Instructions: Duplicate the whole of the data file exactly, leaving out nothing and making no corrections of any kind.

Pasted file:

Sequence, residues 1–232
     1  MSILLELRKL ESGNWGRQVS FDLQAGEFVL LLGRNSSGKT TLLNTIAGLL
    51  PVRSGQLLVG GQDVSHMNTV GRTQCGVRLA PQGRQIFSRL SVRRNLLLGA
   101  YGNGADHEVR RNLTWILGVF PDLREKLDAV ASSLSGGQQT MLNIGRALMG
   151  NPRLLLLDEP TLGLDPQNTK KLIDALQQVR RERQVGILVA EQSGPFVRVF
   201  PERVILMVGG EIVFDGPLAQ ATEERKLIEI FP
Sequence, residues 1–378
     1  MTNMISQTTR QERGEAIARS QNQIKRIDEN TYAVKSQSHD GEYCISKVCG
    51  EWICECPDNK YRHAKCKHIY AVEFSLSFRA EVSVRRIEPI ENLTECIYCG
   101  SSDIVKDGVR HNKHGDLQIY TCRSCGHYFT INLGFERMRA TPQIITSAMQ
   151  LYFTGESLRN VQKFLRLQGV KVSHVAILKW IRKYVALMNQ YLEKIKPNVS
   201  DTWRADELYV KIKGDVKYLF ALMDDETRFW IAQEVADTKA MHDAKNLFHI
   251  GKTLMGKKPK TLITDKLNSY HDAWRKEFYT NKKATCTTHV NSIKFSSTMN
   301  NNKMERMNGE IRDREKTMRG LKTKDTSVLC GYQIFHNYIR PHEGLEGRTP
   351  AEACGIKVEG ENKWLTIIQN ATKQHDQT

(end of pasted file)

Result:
Sequence, residues 1–232
     1  MSILLELRKL ESGNWGRQVS FDLQAGEFVL LLGRNSSGKT TLLNTIAGLL
    51  PVRSGQLLVG GQDVSHMNTV GRTQCGVRLA PQGRQIFSRL SVRRNLLLGA
   101  YGNGADHEVR RNLTWILGVF PDLREKLDAV ASSLSGGQQT MLNIGRALMG
   151  NPRLLLLDEP TLGLDPQNTK KLIDALQQVR RERQVGILVA EQSGPFVRVF
   201  PERVILMVGG EIVFDGPLAQ ATEERKLIEI FP
Sequence, residues 1–378
     1  MTNMISQTTR QERGEAIARS QNQIKRIDEN TYAVKSQSHD GEYCISKVCG
    51  EWICECPDNK YRHAKCKHIY AVEFSLSFRA EVSVRRIEPI ENLTECIYCG
   101  SSDIVKDGVR HNKHGDLQIY TCRSCGHYFT INLGFERMRA TPQIITSAMQ
   151  LYFTGESLRN VQKFLRLQGV KVSHVAILKW IRKYVALMNQ YLEKIKPNVS
   201  DTWRADELYV KIKGDVKYLF ALMDDETRFW IAQEVADTKA MHDAKNLFHI
   251  GKTLMGKKPK TLITDKLNSY HDAWRKEFYT NKKATCTTHV NSIKFSSTMN
   301  NNKMERMNGE IRDREKTMRG LKTKDTSVLC GYQIFHNYIR PHEGLEGRTP
   351  AEACGIKVEG ENKWLTIIQN ATKQHDQT